Years of threats came to fruition in late May, as the New Jersey Department of Environmental Protection announced its intention to sue the City of Trenton, citing as the final straw Trenton council’s “inexplicable failure” to properly fund the city’s drinking water utility.
In a letter dated May 21, DEP commissioner Catherine McCabe takes Trenton city council to task, saying its May 7 vote to reject millions of dollars in bonds for crucial measures will prevent Trenton Water Works from providing safe drinking water to its customers.
“To be clear, the council’s inexplicable failure to adopt these measures will prevent TWW from meeting critically overdue legal requirements of the [Administrative Consent Orders] and the Safe Drinking Water Act,” McCabe wrote. “These requirements are necessary to ensure a safe and reliable water supply, not only for the City of Trenton, but also for the 217,000 people served by TWW in Ewing, Hamilton, Hopewell and Lawrence Townships.”
The measures defeated by council would have provided nearly $100 million in funding for three projects: improvements at TWW’s water filtration plant, the replacement of 63,000 outdated water meters and the transition away from Trenton’s open-air reservoir on Pennington Avenue to a new, decentralized water storage system. The reservoir has long been an issue for TWW—it has spent more than a decade out of compliance with a DEP order to cover the tank.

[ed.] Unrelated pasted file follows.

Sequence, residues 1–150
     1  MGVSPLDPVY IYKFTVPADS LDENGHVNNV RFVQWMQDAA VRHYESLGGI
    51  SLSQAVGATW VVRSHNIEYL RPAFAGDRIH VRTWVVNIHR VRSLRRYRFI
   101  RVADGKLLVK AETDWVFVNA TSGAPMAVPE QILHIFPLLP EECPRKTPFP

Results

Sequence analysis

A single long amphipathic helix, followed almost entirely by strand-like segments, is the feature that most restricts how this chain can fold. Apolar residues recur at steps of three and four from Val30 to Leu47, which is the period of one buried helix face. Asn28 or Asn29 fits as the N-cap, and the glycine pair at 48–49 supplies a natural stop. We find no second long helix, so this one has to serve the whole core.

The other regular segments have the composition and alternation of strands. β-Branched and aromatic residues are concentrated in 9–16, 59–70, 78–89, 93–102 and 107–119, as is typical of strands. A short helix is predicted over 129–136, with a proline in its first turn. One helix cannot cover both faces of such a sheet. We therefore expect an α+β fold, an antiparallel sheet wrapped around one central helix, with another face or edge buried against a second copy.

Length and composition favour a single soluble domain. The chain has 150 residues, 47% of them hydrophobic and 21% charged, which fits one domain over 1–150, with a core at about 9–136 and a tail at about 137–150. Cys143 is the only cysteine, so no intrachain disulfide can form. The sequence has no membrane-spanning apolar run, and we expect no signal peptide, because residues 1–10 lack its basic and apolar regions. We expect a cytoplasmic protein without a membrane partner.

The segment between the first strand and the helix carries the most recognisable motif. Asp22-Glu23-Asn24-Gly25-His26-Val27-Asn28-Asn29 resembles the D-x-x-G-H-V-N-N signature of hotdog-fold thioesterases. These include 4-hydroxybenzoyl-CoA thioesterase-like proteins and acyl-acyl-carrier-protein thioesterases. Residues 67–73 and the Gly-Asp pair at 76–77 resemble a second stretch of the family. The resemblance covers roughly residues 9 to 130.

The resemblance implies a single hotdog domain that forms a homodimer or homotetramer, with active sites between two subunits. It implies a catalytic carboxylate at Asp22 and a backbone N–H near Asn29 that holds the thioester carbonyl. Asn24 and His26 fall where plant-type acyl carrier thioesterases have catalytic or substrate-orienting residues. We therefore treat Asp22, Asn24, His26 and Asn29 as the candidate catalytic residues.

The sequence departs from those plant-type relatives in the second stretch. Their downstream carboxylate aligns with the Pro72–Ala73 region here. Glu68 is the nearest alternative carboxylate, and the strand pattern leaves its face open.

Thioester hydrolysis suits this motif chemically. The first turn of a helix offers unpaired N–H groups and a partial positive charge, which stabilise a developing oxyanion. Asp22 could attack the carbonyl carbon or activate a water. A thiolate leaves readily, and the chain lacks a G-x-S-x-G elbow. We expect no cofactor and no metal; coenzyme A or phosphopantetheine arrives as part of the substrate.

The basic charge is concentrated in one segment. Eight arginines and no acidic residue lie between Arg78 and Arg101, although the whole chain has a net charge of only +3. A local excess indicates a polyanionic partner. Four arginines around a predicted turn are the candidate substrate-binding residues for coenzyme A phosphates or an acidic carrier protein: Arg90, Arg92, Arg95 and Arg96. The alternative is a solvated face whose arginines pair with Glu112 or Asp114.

Though a majority of council voted in favor of the funding, the measures fell one vote shy of the required 5-vote supermajority. Kathy McBride, Santiago Rodriguez and Robin Vaughn were the dissenting members.
McBride, Rodriguez and Vaughn routinely have used their legislative powers to battle with Trenton Mayor Reed Gusciora’s administration over what they claim is out-of-control spending at TWW. In February, they spearheaded a campaign to require a forensic audit of the city’s Department of Water and Sewer; the ordinance passed, 6-0. In March, McBride put forth a resolution requiring the TWW director to appear before council quarterly. Council approved it, 6-0.
The administration counters that its initiatives are merely the cost incurred for the city having booted needed improvements down the road for many years.
“These are no small projects,” TWW spokesman Michael Walker said. “They are necessary to ensure high water quality for years to come, and should have been initiated years ago.”
Trenton’s water utility has been in focus for most of Gusciora’s term due to its historic struggles before he took office in July 2018. In the 26 months between January 2017 and February 2019, TWW received 29 DEP violations. It has received three in the 15 months since, and none in the last year.
Gusciora hired former West Windsor Mayor Shing-Fu Hsueh as TWW director in July 2018 to correct the deficiencies. Hsueh, a former DEP director, served in the role until September 2019, when he quit suddenly, allegedly out of frustration with a lack of support from Trenton’s council.